Borne calmly inhaled from a vape pen. He was an expert at finding the deeper channels, and had ferried National Guard troops on rescue missions after Isaac.

Then, in front of an unassuming single-story house, Brexton shouted "stop the boat!" He hopped out, waded through a neighbor’s backyard, stepped over a toppled fence and arrived at the home of his aunt and uncle.

Suddenly he saw Brandon Jr. and felt a rush of relief. "I was going crazy," said Brandon Sr.

The house was raised 4.5 feet after Isaac, but the water came up nearly that far overnight, said Brexton’s uncle, Perry Burrell. The ceiling also caved in.

Other residents who had left the neighborhood in advance of the storm returned Monday to check on their homes. Tenya Green Smith, 38, walked toward the neighborhood, repeating “my house” in an agonized voice.

“By the luck of God, we had just got out,” said Green Smith. “My house is the second house on the corner on the other street – looks like it doesn’t have a roof right now.”

Landry was grateful she found her way out. She emerged with a concerned but determined look on her face.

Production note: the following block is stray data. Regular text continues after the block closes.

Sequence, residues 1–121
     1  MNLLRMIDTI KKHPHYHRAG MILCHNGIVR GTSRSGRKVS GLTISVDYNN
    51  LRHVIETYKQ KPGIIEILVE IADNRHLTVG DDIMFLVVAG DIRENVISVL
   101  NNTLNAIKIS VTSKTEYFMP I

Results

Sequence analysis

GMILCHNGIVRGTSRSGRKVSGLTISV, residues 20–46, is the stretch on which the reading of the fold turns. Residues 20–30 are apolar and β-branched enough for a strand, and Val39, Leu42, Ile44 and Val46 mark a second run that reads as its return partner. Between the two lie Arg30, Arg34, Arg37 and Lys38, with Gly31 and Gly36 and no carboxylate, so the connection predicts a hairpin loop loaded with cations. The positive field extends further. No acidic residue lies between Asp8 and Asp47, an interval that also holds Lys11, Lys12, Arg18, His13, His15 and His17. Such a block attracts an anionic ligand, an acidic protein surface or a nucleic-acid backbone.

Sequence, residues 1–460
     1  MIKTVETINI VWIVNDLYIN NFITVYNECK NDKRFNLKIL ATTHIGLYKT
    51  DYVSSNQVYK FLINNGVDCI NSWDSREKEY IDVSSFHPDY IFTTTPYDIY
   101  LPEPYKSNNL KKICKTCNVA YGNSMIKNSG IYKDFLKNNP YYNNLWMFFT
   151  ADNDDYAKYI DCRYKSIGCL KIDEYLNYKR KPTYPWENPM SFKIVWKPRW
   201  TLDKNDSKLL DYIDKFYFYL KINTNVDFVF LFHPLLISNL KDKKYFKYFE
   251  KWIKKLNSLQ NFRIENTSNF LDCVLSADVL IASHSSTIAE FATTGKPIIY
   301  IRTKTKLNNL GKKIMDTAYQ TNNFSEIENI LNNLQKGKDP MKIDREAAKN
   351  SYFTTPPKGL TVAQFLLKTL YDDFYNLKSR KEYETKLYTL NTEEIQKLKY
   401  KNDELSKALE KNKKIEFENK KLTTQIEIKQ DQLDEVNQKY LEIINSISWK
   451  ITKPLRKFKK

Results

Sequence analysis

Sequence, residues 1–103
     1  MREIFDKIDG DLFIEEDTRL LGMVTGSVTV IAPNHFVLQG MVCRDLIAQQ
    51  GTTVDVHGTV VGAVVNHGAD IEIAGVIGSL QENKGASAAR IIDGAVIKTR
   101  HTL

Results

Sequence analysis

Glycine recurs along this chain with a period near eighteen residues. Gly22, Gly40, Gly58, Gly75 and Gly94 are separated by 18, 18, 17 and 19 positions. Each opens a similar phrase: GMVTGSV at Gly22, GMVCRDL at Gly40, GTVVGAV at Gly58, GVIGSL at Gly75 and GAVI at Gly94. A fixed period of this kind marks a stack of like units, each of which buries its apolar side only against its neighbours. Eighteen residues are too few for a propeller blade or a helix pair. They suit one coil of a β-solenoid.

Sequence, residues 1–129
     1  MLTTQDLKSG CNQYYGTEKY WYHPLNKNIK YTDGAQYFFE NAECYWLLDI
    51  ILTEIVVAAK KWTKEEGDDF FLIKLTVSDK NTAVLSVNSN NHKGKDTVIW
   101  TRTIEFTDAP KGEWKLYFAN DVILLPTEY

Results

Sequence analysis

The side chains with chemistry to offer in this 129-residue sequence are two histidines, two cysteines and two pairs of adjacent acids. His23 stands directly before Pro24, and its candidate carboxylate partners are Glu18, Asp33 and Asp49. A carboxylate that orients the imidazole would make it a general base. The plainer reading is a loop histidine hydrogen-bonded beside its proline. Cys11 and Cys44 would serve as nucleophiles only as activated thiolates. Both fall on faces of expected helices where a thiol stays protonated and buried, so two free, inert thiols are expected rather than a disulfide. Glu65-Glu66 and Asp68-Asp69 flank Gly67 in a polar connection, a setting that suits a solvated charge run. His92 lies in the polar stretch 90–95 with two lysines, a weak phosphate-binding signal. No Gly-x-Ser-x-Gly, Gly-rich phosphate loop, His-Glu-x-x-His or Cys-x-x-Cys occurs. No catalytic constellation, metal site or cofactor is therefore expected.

The water rose so high that her refrigerator and furniture had floated through her house. When she was still able, she would look outside to check on the weather conditions. She called it “white rain” because of the way the wind lashed it, making it look like a snowstorm.

While on the kitchen island, she shone her flashlight on the water level, trying to determine when it might level off. She didn’t want to fall asleep until it did. Eventually, it stopped rising, then began to recede.

“I couldn’t really sleep," said Landry. "But I could just lay down and process this and said, ‘This has got to be a dream.’”